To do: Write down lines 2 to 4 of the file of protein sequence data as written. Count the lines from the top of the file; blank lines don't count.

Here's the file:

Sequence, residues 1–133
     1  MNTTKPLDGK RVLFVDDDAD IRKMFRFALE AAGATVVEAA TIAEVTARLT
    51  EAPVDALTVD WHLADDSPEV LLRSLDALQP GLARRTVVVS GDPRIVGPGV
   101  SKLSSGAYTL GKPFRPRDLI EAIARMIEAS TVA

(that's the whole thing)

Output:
     1  MNTTKPLDGK RVLFVDDDAD IRKMFRFALE AAGATVVEAA TIAEVTARLT
    51  EAPVDALTVD WHLADDSPEV LLRSLDALQP GLARRTVVVS GDPRIVGPGV
   101  SKLSSGAYTL GKPFRPRDLI EAIARMIEAS TVA